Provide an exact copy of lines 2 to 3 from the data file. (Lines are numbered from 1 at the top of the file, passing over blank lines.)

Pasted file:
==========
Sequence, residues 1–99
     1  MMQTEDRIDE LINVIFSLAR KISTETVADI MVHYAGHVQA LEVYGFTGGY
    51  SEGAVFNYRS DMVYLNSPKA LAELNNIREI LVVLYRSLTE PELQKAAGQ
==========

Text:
     1  MMQTEDRIDE LINVIFSLAR KISTETVADI MVHYAGHVQA LEVYGFTGGY
    51  SEGAVFNYRS DMVYLNSPKA LAELNNIREI LVVLYRSLTE PELQKAAGQ